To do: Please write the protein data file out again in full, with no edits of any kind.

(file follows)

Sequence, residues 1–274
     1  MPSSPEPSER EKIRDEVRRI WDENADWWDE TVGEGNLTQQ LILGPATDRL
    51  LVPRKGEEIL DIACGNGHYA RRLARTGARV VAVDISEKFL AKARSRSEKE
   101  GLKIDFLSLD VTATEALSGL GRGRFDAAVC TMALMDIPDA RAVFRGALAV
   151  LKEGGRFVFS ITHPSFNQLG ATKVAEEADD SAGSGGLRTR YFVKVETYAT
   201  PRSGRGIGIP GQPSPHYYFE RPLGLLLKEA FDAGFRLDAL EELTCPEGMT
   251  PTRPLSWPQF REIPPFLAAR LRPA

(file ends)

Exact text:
Sequence, residues 1–274
     1  MPSSPEPSER EKIRDEVRRI WDENADWWDE TVGEGNLTQQ LILGPATDRL
    51  LVPRKGEEIL DIACGNGHYA RRLARTGARV VAVDISEKFL AKARSRSEKE
   101  GLKIDFLSLD VTATEALSGL GRGRFDAAVC TMALMDIPDA RAVFRGALAV
   151  LKEGGRFVFS ITHPSFNQLG ATKVAEEADD SAGSGGLRTR YFVKVETYAT
   201  PRSGRGIGIP GQPSPHYYFE RPLGLLLKEA FDAGFRLDAL EELTCPEGMT
   251  PTRPLSWPQF REIPPFLAAR LRPA